You must be AWARE of the food you consume and be in a negative energy balance.
Awareness is EVERYTHING!
Seriously though, how can we expect to make legitimate progress with our fat loss efforts if we have NO idea what we’re actually putting into our bodies each day?
Knowing how much, how little, and what type of food you’re consuming on a daily basis is such an important piece of the puzzle. It cannot be overlooked.
Although tracking your food may seem daunting at first, the benefits far exceed the small learning curve. You will gain incredible insights not only into how much you’re consuming on a daily basis, but how the different types of foods are affecting how you feel, how you look, and ultimately how best to implement legitimate changes to further progress towards your goals.
And when I say ‘tracking your food,’ I’m not necessarily only referring to tracking macros. Tracking macros is by far where I’ve seen the best results come, but you can still get great results using other tracking tools such as handful measurements, picture diaries, or a good ole’ fashion food journal.
Again, awareness is the key here. Work towards becoming more aware of what you’re consuming daily and you’ll start to see where changes need to be made.
Once you are aware of your daily intake, THEN you can start to manipulate your energy balance to create a deficit. I hate to break it to ya, but you MUST be in some sort of a negative energy balance (deficit) to lose body fat. There’s just no way around it.
Creating that deficit to be something you can actually adhere to and is sustainable for more than just a week, is a whole other topic and something I teach in-depth in my nutrition programs and with one-on-one clients.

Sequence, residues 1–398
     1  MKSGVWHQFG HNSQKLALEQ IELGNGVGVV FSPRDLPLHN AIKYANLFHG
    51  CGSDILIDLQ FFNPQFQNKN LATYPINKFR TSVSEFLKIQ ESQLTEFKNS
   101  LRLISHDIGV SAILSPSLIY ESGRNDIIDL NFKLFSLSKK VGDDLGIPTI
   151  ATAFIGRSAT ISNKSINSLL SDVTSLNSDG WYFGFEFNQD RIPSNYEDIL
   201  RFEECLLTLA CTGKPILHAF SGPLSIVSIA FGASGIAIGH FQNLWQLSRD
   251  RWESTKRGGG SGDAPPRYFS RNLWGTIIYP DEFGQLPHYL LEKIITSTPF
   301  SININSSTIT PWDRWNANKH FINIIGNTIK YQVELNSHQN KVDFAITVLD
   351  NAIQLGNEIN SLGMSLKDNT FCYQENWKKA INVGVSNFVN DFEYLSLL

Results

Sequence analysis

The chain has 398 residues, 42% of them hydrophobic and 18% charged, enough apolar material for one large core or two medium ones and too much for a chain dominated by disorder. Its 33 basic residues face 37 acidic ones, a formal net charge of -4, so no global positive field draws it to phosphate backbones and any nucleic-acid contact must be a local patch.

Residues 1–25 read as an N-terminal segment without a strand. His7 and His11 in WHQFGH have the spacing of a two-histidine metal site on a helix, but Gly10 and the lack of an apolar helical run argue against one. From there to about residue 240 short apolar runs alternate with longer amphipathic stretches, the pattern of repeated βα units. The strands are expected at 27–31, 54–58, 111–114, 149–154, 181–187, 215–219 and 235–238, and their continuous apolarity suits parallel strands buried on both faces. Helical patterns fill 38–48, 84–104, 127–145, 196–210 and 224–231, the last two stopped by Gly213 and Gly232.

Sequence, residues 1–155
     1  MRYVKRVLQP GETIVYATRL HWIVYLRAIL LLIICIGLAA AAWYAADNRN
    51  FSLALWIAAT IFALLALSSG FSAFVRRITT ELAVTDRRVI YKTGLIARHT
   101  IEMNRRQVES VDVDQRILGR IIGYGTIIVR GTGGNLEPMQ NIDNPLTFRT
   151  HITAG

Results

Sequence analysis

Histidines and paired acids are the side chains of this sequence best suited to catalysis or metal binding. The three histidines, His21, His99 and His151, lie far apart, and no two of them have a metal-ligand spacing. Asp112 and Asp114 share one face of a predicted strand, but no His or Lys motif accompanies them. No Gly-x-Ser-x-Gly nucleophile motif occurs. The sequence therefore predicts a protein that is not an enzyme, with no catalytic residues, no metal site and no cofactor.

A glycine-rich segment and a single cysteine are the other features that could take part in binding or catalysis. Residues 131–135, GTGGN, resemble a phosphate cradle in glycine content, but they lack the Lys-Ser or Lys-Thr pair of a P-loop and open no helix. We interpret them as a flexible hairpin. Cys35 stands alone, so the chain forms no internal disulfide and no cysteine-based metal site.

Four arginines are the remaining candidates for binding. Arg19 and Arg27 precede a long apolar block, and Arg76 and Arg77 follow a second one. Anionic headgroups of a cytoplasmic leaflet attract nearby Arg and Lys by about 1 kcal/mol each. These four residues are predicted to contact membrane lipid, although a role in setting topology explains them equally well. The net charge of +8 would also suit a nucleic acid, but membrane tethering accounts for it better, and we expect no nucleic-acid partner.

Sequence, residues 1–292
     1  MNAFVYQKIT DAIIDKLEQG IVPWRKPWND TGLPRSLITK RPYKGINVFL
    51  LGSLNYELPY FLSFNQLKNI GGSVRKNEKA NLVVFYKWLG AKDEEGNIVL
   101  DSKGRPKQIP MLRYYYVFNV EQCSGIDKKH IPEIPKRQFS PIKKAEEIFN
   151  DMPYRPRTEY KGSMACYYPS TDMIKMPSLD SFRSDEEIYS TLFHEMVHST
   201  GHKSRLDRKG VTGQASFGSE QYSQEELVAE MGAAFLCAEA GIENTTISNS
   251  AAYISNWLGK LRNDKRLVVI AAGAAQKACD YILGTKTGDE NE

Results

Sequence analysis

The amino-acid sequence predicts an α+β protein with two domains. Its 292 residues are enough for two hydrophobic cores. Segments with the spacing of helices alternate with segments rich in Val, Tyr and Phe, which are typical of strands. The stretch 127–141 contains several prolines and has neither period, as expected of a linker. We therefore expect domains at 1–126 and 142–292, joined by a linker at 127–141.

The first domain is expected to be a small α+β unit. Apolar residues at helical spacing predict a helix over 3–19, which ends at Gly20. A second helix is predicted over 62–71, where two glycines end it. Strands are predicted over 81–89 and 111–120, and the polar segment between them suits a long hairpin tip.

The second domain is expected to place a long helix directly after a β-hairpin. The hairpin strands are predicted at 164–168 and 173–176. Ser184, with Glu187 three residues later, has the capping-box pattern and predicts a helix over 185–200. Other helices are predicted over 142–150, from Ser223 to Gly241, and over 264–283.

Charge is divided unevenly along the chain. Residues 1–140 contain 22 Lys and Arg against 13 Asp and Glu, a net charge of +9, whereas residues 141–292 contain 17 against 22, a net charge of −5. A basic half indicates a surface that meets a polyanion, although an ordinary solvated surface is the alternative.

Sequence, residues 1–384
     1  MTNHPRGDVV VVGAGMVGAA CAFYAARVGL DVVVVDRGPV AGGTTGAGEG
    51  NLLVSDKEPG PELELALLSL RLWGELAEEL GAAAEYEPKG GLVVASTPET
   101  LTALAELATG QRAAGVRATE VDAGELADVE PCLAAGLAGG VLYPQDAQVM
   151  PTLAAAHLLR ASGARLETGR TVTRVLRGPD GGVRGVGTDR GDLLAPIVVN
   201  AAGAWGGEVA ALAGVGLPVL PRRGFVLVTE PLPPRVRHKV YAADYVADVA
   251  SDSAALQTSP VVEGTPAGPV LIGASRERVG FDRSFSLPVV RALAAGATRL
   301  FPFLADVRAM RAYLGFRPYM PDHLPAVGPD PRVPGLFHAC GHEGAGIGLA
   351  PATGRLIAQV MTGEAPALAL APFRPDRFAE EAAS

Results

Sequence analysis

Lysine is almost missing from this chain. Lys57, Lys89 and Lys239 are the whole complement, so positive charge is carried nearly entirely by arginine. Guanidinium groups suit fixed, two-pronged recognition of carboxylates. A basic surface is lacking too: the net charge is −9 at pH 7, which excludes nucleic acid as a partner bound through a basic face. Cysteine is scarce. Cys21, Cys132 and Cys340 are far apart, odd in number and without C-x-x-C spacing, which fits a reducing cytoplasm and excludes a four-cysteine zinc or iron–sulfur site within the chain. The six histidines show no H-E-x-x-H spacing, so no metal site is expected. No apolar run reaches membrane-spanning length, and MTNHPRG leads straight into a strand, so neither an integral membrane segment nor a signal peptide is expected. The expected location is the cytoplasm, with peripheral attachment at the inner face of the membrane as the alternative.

You must consume adequate protein and focus on eating nutrient-dense, whole food.
Consuming adequate protein is essential when it comes to losing body fat and changing your body composition. Here are just a few reasons why:
- Protein increases satiety.
- Protein has the highest TEF (thermic effect of food).
- Protein is the hardest macronutrient to store as body fat.
- Protein is harder to overeat compared to fats and carbohydrates.
- Protein is essential for building and preservation of muscle mass.
I dive into each of the above points in more detail in this blog post: Protein is QUEEN!
Additionally, if you’re not consuming at least 80% real, whole food ‘as close to nature as possible’ on a regular basis, you’re going to have a MUCH harder time losing body fat (and keeping that body fat off).
This means when grocery shopping, your cart should contain mostly foods like meat, eggs, seafood, vegetables, and smaller amounts of fruit. Does that mean you can never eat something out of a package or box? No. It just means that the majority (~80% or more) of the food you put into your mouth on a daily basis should have either 1) had a face at some point or 2) grown from the earth.